The appellant contends further that he was denied his right to have an attorney present during his confession. It is clear from the record that the District Attorney conscientiously advised and reassured the appellant of all of his Miranda rights. At one point he told the District Attorney, "I don't know whether I should have a lawyer or not."*fn6 The appellant asserts that this was a request for an attorney that the District Attorney refused to honor. We disagree.

[ 320 Pa. Super. Page 432]

Before any questions were asked, the following colloquy took place:

MR. KAHLE: Carmen, I don't know if any of these fellows told you who I am or not. I'm Jay Paul Kahle, District Attorney. You may or may not have heard my name. You may know who I am.

I'm here and I'd like to ask you some questions with regard to Jean Engel and Jean's death.

Now, first, let me say to you at this point, yesterday you talked to some officers and they gave you some warnings, some statements that they wanted you to understand. I want to repeat those to you today.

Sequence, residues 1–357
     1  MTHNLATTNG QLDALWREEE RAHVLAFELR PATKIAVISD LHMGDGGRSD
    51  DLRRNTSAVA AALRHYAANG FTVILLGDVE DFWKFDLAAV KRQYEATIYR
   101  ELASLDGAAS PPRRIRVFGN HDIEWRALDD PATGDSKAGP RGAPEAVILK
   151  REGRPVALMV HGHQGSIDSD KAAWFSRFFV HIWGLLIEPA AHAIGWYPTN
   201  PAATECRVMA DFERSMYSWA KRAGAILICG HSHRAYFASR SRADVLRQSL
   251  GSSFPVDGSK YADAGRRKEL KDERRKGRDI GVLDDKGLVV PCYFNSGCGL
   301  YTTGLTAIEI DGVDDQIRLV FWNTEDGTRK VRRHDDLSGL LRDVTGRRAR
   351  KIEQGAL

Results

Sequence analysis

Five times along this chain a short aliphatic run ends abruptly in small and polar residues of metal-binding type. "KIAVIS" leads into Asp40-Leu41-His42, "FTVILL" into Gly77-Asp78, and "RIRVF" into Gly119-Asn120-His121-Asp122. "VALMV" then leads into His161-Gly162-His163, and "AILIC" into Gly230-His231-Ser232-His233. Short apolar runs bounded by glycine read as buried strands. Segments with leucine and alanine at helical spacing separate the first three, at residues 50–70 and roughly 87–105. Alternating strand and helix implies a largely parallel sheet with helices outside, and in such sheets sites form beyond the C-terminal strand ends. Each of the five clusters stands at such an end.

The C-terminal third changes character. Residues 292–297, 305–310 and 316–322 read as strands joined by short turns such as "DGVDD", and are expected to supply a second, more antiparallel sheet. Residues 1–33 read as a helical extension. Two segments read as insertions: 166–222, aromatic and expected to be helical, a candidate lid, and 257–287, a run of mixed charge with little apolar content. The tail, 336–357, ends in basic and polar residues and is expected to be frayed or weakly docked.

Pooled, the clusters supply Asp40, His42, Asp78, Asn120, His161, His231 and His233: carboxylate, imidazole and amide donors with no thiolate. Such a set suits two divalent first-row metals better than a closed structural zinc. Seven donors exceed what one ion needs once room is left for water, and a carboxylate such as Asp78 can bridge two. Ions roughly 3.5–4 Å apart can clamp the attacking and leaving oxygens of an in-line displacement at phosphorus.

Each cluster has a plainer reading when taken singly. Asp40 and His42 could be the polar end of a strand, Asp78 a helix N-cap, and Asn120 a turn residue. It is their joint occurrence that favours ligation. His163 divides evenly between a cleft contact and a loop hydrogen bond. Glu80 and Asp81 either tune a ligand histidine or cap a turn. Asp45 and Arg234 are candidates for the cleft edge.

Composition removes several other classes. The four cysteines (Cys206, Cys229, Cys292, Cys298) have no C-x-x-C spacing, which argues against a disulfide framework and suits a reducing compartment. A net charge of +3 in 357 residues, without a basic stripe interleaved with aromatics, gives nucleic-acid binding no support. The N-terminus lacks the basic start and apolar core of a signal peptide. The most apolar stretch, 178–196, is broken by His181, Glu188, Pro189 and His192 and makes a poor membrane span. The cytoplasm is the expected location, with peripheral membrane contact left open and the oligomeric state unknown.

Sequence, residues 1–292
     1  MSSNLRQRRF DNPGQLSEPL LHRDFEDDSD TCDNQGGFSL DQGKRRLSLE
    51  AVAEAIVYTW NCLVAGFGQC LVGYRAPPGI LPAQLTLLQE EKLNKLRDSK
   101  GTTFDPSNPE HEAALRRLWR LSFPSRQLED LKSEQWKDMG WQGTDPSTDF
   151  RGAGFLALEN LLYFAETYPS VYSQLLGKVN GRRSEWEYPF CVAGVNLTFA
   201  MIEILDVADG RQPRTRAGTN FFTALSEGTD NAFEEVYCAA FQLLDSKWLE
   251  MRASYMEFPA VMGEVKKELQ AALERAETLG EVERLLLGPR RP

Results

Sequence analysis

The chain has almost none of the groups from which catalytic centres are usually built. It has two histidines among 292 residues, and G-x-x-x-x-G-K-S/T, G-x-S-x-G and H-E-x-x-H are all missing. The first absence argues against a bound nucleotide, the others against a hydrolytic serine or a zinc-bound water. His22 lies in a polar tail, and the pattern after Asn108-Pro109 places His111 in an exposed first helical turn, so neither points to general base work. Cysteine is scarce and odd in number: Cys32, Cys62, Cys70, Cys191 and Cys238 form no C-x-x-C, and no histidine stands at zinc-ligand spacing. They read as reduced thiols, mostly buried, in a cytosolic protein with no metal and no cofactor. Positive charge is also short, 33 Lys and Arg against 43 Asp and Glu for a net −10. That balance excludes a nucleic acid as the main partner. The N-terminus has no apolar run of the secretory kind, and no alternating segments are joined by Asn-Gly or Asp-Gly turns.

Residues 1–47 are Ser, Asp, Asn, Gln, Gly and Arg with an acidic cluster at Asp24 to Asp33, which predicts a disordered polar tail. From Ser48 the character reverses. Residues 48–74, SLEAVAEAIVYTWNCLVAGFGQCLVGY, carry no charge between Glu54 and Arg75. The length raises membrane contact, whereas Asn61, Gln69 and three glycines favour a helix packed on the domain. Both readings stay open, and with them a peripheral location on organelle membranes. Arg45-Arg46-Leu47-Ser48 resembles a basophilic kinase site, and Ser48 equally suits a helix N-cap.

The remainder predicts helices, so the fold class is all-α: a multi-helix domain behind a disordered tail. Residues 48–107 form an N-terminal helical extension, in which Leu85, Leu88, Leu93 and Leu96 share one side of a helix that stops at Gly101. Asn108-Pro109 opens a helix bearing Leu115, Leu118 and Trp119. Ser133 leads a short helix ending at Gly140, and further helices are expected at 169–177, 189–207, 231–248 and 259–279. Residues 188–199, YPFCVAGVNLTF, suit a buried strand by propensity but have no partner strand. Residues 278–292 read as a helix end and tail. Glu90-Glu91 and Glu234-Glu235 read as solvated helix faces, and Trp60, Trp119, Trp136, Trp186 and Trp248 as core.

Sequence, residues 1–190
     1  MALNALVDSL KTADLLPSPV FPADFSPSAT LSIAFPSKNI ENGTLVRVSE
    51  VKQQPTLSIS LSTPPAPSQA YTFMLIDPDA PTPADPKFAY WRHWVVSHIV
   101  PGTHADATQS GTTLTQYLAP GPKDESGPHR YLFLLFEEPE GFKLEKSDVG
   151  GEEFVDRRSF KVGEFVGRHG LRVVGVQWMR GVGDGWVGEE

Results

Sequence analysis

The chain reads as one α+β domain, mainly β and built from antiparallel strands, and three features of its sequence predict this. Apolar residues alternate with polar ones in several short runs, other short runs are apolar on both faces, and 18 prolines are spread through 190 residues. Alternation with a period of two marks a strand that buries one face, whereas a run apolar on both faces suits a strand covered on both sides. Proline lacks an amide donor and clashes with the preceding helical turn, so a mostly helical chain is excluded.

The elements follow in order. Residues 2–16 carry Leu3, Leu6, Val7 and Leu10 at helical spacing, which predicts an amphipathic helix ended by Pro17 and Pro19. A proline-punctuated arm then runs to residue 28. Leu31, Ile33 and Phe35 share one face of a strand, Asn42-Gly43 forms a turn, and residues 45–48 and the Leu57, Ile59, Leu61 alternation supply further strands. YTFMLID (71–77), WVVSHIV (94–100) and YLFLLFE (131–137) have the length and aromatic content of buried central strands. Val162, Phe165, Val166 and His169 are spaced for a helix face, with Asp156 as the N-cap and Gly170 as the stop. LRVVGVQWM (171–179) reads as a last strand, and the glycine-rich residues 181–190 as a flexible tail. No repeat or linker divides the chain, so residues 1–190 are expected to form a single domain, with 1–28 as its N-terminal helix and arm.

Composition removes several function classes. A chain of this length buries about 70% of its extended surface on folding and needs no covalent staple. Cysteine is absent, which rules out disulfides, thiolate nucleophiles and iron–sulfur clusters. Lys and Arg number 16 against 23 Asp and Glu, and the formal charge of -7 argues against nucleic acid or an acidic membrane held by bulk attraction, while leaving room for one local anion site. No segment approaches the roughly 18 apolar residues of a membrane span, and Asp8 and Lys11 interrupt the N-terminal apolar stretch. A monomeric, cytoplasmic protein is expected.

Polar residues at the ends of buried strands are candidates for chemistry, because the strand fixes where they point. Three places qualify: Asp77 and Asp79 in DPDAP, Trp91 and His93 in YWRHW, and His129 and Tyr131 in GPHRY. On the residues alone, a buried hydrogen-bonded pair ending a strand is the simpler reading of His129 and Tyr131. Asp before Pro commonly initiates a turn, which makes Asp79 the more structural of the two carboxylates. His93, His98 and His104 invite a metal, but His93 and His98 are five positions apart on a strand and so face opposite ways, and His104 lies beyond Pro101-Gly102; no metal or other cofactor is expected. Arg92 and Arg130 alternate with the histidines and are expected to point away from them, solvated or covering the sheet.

Now, let me say one thing to you. Maybe it's a little hard for you to talk. The gal is taking this down, Mrs. Milliron so you can't indicate yes and no you have to say it to us yourself.

MR. MUSOLINO: Okay.

MR. KAHLE: Let me read these for you. You have the right to remain silent. You don't have to talk to us at all. Anything you say here today can be used against you and will be used against you and will be used as evidence against you in Court if there were a trial. You have the right now to talk to a lawyer. You can do that before we ask you any questions. You can have him here, do you understand that?

MR. MUSOLINO: Yeah.

MR. KAHLE: You don't have to be able to afford a lawyer. If you can't afford a lawyer we'll have one appointed to represent ...